You may have heard about the recent controvesy involving a young NFL player's refusal to stand during the National Anthem. San Francisco 49ers quarterback Colin Kaepernick says he refused to stand to protest unfair treatment of minorities. This act of defiance is now spreading to other players and sports. I’m not here to either agree, or disagree with those actions, but rather, to make a point.
I have been in countless discussions over the years with people who strongly believe that the ‘messaging’ of living with diabetes is lost. People who do not live with it—either as a type 1 or type 2 themselves or by way of having a family member or loved one stuggling with the challenges—have no clue what it's like. Sound familiar?
The thinking is that if more people were well versed with diabetes and its complications, more attention, activism and funding would result. Really? I can't help wondering if the result of increased awareness might instead bring more attention to the shortcomings of those living with it.
In all the years of diabetes awareness outreach, ads and campaigns, I cannot honestly think of anything that has been as effective as that young player's act of defiance.
His cause—the oppression of minorities. His protest—refusing to stand, during a song. It was a silent protest that involved no civil disobedience. He did not lay in front of a piece of moving machinery or handcuff himself to the White House gates. He didn't refuse to serve his country, or even interrupt any sort of meeting. What he did do, was refuse to stand during our national anthem. And, unless you've been hiding behind a rock, you know what the controversy is all about. Just about everyone has some sort of opinion about it.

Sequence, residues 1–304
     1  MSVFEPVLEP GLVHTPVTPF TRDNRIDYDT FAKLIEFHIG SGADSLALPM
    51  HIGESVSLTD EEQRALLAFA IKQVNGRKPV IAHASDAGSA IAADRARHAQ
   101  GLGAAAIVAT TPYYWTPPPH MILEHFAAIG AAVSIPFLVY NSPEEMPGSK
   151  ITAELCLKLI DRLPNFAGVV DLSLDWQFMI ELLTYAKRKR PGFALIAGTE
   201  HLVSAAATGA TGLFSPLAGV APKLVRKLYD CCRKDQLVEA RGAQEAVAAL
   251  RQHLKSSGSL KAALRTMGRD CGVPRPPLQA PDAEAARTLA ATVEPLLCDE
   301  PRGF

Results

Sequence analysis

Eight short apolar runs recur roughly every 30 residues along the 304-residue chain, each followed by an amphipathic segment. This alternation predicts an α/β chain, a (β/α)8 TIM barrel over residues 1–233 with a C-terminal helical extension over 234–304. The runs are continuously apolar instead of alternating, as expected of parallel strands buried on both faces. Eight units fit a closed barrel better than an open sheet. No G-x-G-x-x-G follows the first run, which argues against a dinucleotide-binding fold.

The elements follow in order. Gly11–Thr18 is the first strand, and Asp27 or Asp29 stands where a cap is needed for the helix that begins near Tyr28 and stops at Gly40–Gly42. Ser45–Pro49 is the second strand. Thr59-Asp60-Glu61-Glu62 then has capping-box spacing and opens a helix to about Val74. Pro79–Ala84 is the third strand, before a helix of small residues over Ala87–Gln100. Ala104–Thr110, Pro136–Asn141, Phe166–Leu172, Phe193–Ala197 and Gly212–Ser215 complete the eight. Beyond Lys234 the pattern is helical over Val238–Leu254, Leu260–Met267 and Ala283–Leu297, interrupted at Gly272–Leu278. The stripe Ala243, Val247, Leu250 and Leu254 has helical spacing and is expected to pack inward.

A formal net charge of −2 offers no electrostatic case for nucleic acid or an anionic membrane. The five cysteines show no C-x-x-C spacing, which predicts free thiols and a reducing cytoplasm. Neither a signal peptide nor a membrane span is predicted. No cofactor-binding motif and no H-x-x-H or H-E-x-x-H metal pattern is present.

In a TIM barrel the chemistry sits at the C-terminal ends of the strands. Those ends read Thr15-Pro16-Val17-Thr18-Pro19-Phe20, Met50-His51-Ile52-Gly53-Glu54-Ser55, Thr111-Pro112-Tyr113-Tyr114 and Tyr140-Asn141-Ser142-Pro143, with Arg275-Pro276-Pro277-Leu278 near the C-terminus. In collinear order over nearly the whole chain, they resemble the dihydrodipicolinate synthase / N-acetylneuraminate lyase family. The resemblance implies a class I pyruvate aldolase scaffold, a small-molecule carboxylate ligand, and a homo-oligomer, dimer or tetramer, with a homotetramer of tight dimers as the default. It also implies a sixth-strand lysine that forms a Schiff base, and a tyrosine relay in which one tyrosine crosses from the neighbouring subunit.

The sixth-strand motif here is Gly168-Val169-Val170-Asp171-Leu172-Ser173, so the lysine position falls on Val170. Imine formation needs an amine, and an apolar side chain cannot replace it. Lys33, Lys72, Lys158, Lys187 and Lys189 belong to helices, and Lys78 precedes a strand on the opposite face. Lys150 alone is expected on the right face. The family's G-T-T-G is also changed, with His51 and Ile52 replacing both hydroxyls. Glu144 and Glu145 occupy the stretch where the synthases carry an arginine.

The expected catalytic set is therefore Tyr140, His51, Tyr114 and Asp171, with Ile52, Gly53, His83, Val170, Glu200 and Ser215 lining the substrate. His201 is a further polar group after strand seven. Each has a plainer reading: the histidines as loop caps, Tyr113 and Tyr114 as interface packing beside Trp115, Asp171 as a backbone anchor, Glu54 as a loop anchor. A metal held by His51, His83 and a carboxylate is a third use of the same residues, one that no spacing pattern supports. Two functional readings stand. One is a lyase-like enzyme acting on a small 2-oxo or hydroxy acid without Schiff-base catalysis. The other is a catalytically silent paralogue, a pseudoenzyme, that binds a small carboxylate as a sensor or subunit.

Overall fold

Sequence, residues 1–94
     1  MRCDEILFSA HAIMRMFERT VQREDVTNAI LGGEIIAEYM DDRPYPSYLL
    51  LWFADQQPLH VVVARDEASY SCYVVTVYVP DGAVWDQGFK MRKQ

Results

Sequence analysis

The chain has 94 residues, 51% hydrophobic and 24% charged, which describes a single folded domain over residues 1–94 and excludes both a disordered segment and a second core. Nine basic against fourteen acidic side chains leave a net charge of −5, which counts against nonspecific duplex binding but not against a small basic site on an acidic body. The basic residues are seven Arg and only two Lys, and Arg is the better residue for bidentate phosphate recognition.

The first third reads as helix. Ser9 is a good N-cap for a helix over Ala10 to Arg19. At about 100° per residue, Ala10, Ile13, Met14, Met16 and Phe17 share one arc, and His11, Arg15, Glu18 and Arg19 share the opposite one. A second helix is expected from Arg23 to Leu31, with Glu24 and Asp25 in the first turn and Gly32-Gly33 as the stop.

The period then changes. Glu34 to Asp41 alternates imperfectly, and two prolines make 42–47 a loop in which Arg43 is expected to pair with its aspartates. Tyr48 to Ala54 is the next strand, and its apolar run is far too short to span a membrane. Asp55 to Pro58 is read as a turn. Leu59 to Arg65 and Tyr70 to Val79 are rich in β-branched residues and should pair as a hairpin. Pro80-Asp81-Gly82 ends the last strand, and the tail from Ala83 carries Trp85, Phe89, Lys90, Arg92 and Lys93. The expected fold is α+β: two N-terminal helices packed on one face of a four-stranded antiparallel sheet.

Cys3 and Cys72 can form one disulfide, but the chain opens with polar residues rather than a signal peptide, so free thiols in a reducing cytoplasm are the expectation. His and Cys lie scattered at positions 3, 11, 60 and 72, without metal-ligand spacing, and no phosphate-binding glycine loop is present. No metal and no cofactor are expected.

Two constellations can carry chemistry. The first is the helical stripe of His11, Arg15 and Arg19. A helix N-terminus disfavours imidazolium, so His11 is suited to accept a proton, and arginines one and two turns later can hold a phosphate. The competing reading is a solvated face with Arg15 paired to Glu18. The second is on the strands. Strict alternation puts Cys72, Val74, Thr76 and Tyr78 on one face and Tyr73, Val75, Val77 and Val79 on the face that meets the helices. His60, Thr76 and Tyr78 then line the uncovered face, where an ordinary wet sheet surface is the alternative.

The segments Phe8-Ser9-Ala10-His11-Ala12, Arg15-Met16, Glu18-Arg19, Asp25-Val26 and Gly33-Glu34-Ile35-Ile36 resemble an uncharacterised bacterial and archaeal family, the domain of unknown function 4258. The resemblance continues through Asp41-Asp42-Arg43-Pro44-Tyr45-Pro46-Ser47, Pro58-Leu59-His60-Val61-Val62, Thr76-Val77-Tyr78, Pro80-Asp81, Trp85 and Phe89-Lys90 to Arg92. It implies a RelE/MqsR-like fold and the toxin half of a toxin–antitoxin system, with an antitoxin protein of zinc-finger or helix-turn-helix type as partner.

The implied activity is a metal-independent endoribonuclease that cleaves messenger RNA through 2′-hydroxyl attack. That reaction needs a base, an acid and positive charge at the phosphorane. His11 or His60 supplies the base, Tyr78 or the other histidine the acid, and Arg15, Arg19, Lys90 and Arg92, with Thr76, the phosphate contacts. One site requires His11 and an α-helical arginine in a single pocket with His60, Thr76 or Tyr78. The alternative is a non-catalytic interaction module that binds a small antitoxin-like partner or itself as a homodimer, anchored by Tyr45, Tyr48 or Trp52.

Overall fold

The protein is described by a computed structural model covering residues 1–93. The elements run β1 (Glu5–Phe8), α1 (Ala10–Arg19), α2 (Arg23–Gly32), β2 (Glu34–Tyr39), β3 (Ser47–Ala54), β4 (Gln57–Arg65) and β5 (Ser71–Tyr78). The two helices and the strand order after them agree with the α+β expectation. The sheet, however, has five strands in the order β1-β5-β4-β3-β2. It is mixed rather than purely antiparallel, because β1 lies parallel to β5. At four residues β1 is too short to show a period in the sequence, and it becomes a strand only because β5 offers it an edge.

When I began this article I stated that I was not going to agree or disagree with the actions of this young man. Slightly wimpy I must admit. Why? Am I afraid that if I took a stand people would strongly relay their point of view?
But what if I decided to state my feelings to garner attention: “Isn’t that guy an incredibly inspiring young man to do what he did by not standing during our national anthem, and by the way diabetes is killing more people than you know?” Or, “Isn’t that guy a jerk to disrespect the country by refusing to stand during our national anthem, and by the way diabetes is killing more people than you know everyday?”
People have been complaining about ‘diabetes messaging’, or the lack of, for years and years. But, until we get to a place where we are not afraid of offending some, encouraging others, and being clear on a message, we will stay stuck in this exact same spot one, five, or even 10 years from now.
Of course, you could make the argument that any outrageous act could get the attention of many. But, in this case, it's the simplicity of the act in a complex context that is getting people talking.
It's impossible not to wonder if both sides of the controversy are being kept alive because it grabs headlines.
Think about it, all he did was not stand. It could have just ended right there, but it didn't. The media attention was fierce in playing it out. If the goal of that young man was to bring to the forefront something he believed in, he succeeded and no doubt the media attention helped.
Remember the ice-water challenge for ALS? Everyone kept asking what they could do to replicate that success. The answer—nothing. The truth is that unless you're the first, the only or the best, you won't have as much impact.
The hard part is being bold enough, smart enough, or even lucky enough to make a point worthy enough to create a dialogue big enough to foster change, or at least attention. If that was an easy task, everyone would be doing it instead of just trying to figure out how.
I am a DiabetesDad.